It is believed that the Newcastle-on-Tyne Waltonian Club started life somewhere between 1822 and 1824. Unless you know differently, this club is no longer in existence. One club that was certainly founded in 1822 was the Houghton Club. Based at Stockbridge, they fish Hampshire’s River Test, famous for its trout fishing in particular. I am assuming that they must have had a ‘gap year’, otherwise they could lay claim to the Amwell Magna’s claim to be the oldest club continually fishing the same water.
As a result of the passing of the 1817 Friendly Societies Act a group of like-minded anglers in Salford decided to institute a Friendly Society for the benefit of local anglers. They held fishing rights on the River Irwell which, before urbanisation and pollution took their toll, was a prolific fishery. A proportion of members’ subscriptions were paid into monthly savings, sickness and death benefit polices. At this time in history, the average life expectancy was around 45 for men and 48 for women and the population of the UK only around 10 million. 1817 was the year in which the bicycle was invented, James Monroe became the fifth president of the United States and there was a typhus epidemic in Scotland. The Society must have made good as it even purchased a pub in the 1860s known as the ‘Fisherman’s Hut’. The building was eventually sold and sadly demolished in the early part of the twentieth century. The Society is still going strong to the present day and about to celebrate its bi-centenary. Salford Friendly Anglers Society is, I believe, the oldest angling club in the UK but is it really the world’s oldest angling club? Well it might depend on how you define a club.
In 1729, when a group of predominantly Welsh immigrants met in Philadelphia to talk of establishing a fishing club, the population of the British colonies on the North American mainland was not much more than 600,000. But set up a club they most certainly did, for in 1732 the Schuykill Fishing Company was established with the objective of running the fishery on the Schuykill River. The club, originally called the Colony at Schuykill, was set up as a mini colonial government with an elected governor and even a coroner! Ordinary members were entitled citizens and the waiting list soon became lengthy. This and much more is known because an extensive club history was published in 1830, with updates both in 1889 and 1932.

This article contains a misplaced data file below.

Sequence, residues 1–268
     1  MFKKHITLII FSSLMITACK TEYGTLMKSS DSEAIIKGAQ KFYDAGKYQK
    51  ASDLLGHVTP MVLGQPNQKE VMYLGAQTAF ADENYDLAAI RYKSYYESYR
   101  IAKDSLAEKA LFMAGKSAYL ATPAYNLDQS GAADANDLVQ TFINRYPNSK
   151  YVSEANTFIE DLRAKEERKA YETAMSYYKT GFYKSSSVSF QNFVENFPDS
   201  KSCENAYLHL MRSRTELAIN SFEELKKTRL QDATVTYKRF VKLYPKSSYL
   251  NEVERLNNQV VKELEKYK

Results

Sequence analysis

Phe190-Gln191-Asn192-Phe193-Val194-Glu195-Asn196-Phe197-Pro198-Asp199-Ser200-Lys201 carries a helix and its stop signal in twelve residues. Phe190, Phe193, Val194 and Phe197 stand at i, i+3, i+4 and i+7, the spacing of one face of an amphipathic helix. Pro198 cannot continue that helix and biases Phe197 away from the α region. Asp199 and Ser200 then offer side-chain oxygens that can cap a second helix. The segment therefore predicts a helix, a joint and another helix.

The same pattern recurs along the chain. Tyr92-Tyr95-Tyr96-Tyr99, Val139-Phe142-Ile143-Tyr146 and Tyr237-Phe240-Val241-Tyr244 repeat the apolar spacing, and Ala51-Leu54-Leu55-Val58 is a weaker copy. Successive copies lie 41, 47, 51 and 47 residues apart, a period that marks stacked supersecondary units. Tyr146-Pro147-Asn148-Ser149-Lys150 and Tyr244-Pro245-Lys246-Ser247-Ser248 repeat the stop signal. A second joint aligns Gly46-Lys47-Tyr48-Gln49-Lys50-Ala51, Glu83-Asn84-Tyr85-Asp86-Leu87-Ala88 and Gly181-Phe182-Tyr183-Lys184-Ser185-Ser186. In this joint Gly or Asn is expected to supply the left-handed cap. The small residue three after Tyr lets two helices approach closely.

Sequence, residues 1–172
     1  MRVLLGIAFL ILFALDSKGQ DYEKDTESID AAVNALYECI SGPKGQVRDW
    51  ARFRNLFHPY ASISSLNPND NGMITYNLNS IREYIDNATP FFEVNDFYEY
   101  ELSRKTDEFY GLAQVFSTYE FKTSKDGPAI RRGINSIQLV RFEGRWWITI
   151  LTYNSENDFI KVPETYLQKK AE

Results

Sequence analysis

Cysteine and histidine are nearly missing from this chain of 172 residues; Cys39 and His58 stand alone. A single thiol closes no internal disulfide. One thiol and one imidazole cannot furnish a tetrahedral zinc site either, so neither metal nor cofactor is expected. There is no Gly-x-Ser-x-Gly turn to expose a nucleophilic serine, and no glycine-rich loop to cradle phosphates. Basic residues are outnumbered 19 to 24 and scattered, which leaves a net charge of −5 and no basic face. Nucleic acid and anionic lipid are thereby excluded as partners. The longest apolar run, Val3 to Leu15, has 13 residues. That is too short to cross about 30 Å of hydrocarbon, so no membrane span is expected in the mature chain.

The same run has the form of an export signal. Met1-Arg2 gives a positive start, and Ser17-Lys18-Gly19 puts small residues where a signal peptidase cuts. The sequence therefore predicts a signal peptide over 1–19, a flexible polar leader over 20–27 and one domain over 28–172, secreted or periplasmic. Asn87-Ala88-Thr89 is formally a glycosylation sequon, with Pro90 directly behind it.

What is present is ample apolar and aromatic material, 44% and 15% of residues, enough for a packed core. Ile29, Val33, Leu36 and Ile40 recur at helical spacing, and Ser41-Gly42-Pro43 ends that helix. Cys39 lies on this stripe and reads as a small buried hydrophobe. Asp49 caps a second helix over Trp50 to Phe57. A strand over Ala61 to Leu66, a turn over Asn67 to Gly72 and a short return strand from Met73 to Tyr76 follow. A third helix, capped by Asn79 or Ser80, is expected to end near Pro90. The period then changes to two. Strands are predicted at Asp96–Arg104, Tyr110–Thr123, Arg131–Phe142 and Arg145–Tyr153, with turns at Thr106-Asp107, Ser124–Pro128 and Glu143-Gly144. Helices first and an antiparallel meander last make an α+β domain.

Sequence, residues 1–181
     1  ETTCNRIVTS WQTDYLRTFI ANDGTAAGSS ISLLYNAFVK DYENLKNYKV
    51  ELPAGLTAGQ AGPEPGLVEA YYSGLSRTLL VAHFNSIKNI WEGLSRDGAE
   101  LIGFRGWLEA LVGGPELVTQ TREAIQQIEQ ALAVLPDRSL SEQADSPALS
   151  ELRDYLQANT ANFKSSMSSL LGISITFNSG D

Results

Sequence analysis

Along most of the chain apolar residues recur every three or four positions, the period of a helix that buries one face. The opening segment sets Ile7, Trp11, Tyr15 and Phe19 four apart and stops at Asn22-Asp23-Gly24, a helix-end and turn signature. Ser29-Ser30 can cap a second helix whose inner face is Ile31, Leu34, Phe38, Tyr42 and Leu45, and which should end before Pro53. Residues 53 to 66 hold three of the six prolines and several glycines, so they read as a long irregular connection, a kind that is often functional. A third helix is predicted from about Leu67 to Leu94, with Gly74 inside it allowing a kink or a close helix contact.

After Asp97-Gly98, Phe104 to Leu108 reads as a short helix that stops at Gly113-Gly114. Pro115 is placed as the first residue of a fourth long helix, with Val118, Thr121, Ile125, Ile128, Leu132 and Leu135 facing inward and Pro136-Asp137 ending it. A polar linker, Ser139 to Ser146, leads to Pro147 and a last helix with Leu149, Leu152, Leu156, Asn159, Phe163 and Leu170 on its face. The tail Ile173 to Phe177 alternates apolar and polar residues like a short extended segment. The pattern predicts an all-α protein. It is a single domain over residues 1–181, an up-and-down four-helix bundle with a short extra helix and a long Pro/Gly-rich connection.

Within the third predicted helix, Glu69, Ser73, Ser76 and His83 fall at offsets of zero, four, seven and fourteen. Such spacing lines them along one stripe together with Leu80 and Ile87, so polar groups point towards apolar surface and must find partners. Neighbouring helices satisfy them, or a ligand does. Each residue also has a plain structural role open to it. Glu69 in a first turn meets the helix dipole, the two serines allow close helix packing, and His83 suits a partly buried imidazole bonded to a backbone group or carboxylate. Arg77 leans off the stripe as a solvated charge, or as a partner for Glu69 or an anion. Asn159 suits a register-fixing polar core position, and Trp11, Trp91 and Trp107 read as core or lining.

As well as actually fishing, the members have traditionally been big into dining and consumption of various alcoholic beverages. Fish House Punch is a famous American indulgence and its origin is generally credited to the Schuykill Colony. In times gone by, on the typical menu would be a range of fish from perch, bass, lobsters, salmon, trout, sturgeon and even shad as well as venison, pork, rabbit, squirrels, game birds and sea turtles. The elite of American society would attend the club’s annual dinners. Some famous names that made it include George Washington, (who had a drop too much alcohol by all accounts) Ulysses Grant, George Meade, George McClennan and the Marquis de Lafayette. You can find out much more about the club in the November/December 2015 issue of Classic Angling and back copies are available.
If reading this article has raised your interest and you are pondering taking out a membership of the Schuykill today, it’s going to be mighty difficult. Total membership is currently capped at just 30 and there is a waiting list to even get onto the waiting list. It might just be simpler and less costly to join Salford Friendly Anglers Society instead.
The team undertake a diverse range of work including looking after the Trust's £40 million worth of fish stocks, managing agreements with over 250 different angling clubs and helping more people, especially youngsters, take up angling on the canal. Follow this blog to keep updated with the thoughts and work of the team.See more blogs from this author